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Original Research

Association of Lithium Use and a Higher Serum Concentration of Lithium With the Risk of Declining Renal Function in Older Adults: A Population-Based Cohort Study

Soham Rej, MD, MSca,*; Nathan Herrmann, MDb; Andrea Gruneir, PhDc,d,e; Eric McArthur, MSce; Nivethika Jeyakumar, MScPHe; Flory T. Muanda, MD, PhDe; Ziv Harel, MD, MScf; Stephanie Dixon, PhDe; and Amit X. Garg, MD, PhDe,g

Published: August 18, 2020

Article Abstract

Objective: Lithium is an important mood disorder treatment; however, the renal risks of its use in older adults are unclear. We wished to determine in older adults (1) whether lithium is associated with increased risk of renal decline compared to valproate and (2) whether this association differs with higher vs lower baseline serum lithium concentrations.

Method: We conducted a population-based cohort study using linked health care databases (Ontario, Canada). The cohort consisted of older adults (mean age 71 years) accrued 2007-2015; 3,113 lithium users were propensity-score matched 1:1 to 3,113 valproate users. Users with higher (> 0.7 mmol/L) or lower concentration of serum lithium were further examined. The primary outcome was ≥ 30% loss in estimated glomerular filtration rate from baseline.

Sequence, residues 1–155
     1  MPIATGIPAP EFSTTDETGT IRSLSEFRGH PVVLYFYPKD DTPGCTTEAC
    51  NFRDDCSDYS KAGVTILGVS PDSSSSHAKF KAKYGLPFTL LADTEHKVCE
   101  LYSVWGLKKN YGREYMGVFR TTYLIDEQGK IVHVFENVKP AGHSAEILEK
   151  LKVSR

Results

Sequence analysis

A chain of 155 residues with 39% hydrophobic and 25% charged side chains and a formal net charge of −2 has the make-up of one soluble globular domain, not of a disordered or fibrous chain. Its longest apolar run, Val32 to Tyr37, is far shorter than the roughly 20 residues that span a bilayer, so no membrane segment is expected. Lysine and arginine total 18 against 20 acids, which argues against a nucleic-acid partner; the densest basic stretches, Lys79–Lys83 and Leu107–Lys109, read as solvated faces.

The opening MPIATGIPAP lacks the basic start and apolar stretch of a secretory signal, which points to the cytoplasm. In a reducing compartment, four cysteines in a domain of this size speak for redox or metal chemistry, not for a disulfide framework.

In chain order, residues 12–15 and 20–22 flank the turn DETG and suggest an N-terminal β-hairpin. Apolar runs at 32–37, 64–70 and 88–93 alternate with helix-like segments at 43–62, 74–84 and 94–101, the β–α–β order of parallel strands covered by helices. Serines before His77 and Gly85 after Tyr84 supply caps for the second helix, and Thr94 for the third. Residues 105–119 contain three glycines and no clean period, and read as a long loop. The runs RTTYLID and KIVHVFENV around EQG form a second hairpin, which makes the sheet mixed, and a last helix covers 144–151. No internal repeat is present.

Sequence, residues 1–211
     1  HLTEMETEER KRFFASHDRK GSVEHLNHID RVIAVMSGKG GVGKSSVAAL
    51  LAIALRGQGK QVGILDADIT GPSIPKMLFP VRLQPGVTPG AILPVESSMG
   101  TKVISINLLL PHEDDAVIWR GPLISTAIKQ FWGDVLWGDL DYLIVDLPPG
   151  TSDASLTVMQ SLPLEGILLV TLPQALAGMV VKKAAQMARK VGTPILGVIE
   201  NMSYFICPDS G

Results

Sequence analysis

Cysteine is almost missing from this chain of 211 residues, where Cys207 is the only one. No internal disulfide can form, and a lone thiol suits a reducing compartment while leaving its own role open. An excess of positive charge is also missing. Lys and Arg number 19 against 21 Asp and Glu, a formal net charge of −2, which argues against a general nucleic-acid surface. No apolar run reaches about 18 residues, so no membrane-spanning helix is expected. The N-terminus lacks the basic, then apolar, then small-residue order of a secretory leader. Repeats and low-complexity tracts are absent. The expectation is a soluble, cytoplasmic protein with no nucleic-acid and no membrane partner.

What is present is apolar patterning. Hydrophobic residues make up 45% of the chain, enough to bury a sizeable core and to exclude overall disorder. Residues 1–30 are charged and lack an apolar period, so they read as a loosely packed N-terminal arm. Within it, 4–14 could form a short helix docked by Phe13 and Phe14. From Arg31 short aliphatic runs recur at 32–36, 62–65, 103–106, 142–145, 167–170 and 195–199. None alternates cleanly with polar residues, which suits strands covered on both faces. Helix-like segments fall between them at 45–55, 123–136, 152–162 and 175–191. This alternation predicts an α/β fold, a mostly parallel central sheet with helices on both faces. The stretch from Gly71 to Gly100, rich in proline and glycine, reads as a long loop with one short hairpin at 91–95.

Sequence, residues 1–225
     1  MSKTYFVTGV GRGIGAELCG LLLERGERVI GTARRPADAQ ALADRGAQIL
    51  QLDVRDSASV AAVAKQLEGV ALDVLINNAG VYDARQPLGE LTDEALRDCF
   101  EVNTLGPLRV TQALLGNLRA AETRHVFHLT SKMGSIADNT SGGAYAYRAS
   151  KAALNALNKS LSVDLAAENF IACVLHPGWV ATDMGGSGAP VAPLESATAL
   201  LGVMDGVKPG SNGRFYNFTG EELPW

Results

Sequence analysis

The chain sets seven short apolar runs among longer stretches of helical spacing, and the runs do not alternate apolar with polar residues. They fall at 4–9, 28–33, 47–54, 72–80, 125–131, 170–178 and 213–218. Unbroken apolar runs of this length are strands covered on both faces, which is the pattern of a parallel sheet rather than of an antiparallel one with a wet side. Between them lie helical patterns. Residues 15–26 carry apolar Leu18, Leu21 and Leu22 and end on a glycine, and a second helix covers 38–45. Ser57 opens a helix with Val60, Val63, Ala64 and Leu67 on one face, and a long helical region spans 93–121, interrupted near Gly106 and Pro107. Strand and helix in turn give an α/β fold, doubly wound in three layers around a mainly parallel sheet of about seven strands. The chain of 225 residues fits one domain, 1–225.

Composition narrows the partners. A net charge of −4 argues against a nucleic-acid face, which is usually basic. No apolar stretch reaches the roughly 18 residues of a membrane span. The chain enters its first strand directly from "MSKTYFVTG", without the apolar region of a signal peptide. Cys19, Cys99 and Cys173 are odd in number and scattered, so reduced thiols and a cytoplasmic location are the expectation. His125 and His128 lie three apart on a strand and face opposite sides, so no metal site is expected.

Results: Matched lithium users and valproate users demonstrated similar indicators of baseline health over a median (maximum) follow-up of 3.1 (8.3) years. Lithium was associated with increased risk of renal function loss compared to valproate (674/3,113 [21.7%] vs 584/3,113 [18.8%]; 6.5 vs 5.7 events per 100 person years; hazard ratio = 1.14 [95% CI = 1.02-1.27]). When baseline serum lithium concentrations were > 0.7 mmol/L, the risk of renal decline compared to valproate use was 1.26 (95% CI = 1.06-1.49); when baseline lithium concentrations were ≤ 0.7 mmol/L, the risk was 1.06 (95% CI = 0.92-1.22).

Conclusion: In older adults, lithium use is associated with a statistically significant increased risk of renal decline compared to valproate use, although the decline is less than previously reported. Further studies should confirm whether this effect is primarily in patients with higher serum lithium concentrations.

Volume: 81

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